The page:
“Only to him and Jude would Lispenard Street be considered an achievement–for as much work as he had done to it, and as much as Jude had cleaned it, it was still sad, somehow, and furtive, as if the place was embarrassed to call itself a real apartment–but in those moments he would at times find himself thinking, This is enough. This is more than I had hoped. To be in New York, to be an adult, to stand on a raised platform of wood and say other people’s words!–it was an absurd life, a not-life, a life his parents and his brother would never have dreamed for themselves, and yet he got to dream it for himself every day.”
Willem is an actor. His role in society is to breathe life into the fabrications of a playwright’s imagination before the eyes of a paying audience. In this season of life, that audience only pays him enough money to fund a shoddy apartment on Lispenard Street, a street so small it’s unlabelled on most maps. Yet he says, “This is enough. This is more than I hoped… it was an absurd life… and yet he got to dream it for himself every day.”
I cut the grass last week. As I pushed a roaring contraption across my backyard, I glanced up at the expanse of my neighbors’ interconnected lawns–each property marked by subtle transitions in mow patterns, and it occurred to me, this is absurd.
I get to live this life where the hardest part of my Saturday is pushing a self-propelled machine across a mini-field to trim a few inches off some blades of grass for no other reason than to make it look presentable to my neighbors.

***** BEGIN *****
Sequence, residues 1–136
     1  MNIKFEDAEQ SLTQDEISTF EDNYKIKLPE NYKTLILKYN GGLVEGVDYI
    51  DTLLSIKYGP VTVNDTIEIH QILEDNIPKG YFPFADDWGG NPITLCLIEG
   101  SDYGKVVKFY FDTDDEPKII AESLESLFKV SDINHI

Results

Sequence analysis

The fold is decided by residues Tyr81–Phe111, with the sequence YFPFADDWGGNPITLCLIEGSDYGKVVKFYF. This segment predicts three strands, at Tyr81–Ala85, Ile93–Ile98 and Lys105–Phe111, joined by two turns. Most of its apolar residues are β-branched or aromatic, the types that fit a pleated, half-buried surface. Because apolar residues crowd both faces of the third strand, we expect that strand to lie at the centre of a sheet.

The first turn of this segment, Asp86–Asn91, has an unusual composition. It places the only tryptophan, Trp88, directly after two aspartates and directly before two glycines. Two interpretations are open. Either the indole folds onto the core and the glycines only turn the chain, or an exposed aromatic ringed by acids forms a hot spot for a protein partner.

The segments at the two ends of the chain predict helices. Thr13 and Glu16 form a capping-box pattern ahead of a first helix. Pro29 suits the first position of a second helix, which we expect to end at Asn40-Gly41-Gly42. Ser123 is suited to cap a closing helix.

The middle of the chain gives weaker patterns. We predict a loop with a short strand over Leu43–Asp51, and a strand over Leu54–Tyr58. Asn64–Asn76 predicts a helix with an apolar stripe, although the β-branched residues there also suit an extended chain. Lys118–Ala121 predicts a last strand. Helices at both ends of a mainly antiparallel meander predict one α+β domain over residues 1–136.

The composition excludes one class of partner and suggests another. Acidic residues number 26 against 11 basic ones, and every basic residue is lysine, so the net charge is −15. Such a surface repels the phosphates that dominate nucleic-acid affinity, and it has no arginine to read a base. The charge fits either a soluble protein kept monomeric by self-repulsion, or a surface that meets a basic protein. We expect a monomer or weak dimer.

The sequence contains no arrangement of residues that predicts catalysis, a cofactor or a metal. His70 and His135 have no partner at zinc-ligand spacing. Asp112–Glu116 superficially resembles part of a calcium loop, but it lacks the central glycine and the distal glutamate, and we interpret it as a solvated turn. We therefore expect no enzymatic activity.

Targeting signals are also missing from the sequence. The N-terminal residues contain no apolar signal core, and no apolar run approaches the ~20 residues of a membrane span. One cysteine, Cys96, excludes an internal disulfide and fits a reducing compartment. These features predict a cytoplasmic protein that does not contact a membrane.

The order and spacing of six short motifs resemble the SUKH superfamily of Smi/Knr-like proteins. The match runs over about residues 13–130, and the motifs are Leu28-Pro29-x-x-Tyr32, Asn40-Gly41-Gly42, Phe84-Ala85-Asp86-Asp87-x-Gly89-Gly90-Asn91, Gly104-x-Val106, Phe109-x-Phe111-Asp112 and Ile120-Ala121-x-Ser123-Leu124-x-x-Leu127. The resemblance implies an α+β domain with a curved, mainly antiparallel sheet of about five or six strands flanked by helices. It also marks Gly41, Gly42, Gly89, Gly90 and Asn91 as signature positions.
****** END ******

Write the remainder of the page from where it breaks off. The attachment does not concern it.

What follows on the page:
And as I cut those tiny blades of grass into even tinier pieces I heard those words echo in my brain: this is enough, this is more than I had hoped, this is an absurd life.
There’s a pressure to find certain things important: status, money, success. But when I slow down and let go of this pressure, I find a beautiful absurdity in this life I get to live. Despite my habitual discontentment, I realize “this is more than I had hoped.”
We all have a personal Lispenard Street, don’t we? A place, a circumstance, or a life that to only us would it be an achievement.
We’ll make choices that won’t make sense to anyone else. Maybe a close friend who’s seen your journey will understand, but most onlookers won’t comprehend the things you choose to make you happy.
But even if your Lispenard Street isn’t what anyone else would consider glamorous, there’s a place on a street in a city we can call our own. In the end, it may look like nothing at all, but for us, it’s enough.
The beginning excerpt was taken from the book A Little Life by Hanya Yanagihara.